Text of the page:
2022 witnessed the fourth MIPPA review. The review was accompanied by several positive developments addressing the ageing transition in the Middle East and North Africa (MENA) region. The latter consisted of conferences and workshops focusing on the ageing transition, the need for sustainable pension systems, and reviews of social protection laws. Notably, the UN-ESCWA conference and the Population Development Report focused on older adults and the need for new markets to develop a Long Term Care (LTC) economy. The latter is the focus of this blog post.
An LTC economy for the MENA region would create new job opportunities, such as for care workers, nurses, social workers, occupational therapists, and ancillary staff, such as cleaners, drivers, managers, IT specialists, and administrative personnel. These jobs require different qualifications, skill sets, and training levels, and have a range of wage structures. Although many of these jobs could benefit from innovation, they are difficult to fully automate through advanced robotics or autonomous systems. The likelihood, therefore, is that these jobs will continue to require human capital. LTC markets are a great source of job creation. For example, the size of the adult social care workforce in England is approximately 1.8 million jobs spanning approximately 39 thousand organisations. In addition, at least 56 thousand individuals receive direct payment from the state. LTC markets are also female-dominated sectors. The International Labour Organisation (ILO) estimates the global care workforce consists of 249 million women and 132 million men, which constitutes around 11.5% of worldwide employment. These figures represent a significant proportion of the global employment market, with up to 19.3% of female jobs and 6.6% of male employment. The ILO estimates that by 2030, increasing investments in the care economy will create an additional 117 million new jobs. The exact number of these jobs across countries and workforce structures will vary depending on particular cultural contexts, demand, government spending, and regulation.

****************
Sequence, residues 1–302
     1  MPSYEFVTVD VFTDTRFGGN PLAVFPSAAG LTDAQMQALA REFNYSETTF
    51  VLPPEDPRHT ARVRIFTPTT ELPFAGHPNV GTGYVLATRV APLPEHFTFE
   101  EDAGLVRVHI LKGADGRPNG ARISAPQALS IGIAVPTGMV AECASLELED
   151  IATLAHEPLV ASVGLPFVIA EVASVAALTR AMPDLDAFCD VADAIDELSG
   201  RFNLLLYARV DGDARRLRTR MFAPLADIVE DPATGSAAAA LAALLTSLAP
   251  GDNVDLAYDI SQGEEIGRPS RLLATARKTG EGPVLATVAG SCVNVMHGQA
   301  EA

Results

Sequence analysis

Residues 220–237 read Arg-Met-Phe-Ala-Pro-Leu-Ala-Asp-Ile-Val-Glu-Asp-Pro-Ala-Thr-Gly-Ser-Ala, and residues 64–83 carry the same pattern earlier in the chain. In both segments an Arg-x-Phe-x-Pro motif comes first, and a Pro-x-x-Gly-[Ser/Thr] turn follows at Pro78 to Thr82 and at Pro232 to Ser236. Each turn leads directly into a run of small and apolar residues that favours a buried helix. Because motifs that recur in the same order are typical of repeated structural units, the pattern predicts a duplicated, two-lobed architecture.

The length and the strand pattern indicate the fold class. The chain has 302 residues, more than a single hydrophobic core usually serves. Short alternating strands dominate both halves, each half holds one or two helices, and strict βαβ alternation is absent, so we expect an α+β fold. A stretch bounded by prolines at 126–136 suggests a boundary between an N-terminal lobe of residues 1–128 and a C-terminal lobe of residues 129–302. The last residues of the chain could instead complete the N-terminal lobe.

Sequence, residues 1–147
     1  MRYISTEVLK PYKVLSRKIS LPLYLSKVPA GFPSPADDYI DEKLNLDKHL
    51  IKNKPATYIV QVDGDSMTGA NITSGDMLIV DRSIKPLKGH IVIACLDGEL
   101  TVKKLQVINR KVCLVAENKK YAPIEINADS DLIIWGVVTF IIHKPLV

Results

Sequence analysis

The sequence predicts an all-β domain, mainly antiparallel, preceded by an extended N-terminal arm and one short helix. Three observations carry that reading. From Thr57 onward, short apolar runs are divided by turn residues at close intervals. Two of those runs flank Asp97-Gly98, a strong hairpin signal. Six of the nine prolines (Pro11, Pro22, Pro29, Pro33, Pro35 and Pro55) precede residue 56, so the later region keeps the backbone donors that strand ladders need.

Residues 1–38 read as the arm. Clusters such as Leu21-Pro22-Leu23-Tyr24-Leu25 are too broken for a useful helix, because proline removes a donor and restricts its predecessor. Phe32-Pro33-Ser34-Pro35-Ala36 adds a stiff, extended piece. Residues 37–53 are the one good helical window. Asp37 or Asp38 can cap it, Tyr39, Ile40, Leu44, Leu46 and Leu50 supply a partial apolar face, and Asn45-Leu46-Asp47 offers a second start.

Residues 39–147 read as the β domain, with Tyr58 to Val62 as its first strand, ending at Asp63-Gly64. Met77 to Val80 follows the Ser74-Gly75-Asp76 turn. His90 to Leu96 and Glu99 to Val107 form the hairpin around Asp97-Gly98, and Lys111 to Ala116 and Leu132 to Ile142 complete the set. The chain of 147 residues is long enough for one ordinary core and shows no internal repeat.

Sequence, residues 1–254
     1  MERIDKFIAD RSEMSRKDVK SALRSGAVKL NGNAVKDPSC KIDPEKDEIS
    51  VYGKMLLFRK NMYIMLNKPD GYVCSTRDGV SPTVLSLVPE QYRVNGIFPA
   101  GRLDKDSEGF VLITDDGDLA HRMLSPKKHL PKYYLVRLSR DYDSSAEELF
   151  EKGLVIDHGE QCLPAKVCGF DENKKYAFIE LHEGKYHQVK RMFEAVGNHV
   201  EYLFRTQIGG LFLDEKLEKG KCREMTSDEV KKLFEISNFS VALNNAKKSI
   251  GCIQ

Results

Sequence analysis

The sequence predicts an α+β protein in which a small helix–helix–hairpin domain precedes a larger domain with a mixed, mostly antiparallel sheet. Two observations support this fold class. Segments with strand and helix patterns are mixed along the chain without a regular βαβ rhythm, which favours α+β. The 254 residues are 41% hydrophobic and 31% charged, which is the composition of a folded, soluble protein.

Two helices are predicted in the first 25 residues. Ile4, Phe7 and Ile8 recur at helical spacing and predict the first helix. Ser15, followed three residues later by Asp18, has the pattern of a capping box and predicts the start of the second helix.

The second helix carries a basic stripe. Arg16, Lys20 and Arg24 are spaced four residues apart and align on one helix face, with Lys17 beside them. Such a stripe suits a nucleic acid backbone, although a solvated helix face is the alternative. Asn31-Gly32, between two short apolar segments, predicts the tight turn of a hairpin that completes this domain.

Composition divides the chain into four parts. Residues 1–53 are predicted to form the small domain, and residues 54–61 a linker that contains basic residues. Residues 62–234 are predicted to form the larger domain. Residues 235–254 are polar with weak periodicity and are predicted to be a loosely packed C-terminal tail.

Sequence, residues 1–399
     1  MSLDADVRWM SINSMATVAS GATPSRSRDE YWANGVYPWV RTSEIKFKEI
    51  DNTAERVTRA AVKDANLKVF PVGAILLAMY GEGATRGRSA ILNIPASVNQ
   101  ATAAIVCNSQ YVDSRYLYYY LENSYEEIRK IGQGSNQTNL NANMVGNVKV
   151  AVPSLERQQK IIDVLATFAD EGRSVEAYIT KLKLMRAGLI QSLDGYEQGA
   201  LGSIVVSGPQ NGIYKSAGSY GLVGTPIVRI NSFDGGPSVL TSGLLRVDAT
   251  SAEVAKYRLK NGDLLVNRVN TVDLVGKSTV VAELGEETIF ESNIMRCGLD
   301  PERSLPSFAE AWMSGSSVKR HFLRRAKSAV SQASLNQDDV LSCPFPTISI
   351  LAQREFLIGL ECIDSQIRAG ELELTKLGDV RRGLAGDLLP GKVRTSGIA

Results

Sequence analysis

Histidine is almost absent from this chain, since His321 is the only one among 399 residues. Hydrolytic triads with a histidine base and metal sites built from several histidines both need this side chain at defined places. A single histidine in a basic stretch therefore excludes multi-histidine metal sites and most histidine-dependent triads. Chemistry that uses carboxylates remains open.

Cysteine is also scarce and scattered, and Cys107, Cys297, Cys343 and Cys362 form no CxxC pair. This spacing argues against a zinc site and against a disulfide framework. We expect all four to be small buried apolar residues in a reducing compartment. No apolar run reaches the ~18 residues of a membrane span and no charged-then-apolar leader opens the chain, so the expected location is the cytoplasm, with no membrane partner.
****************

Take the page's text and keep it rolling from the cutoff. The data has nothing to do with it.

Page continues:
Care markets are needed in the MENA region. The rapid transition towards an ageing population is accompanied by changes brought about by internal migration, social structure, and other factors that have resulted in reductions in informal care. Additionally, informal caregiving negatively impacts caregivers’ (who are primarily female) health, and employment prospects. These circumstances make the current situation unsustainable. Furthermore, although home-based care is the preferred approach for providing support to older adults, there are other complex cases that would benefit from residential arrangements and/or nursing homes.
For most countries in the region, these care service markets currently do not exist or are fragmented. If LTC markets are to be effective and sustainable, they should be designed for older adults’ needs and preferences while remaining cognisant of ways to reduce the significant burden experienced by their families. Such a market design requires collecting different types of data. Although the region acknowledges the need for data collection, a shift to full-scale care markets will require additional data for service planning and delivery. Additionally, administrative data will be needed for running and monitoring these services.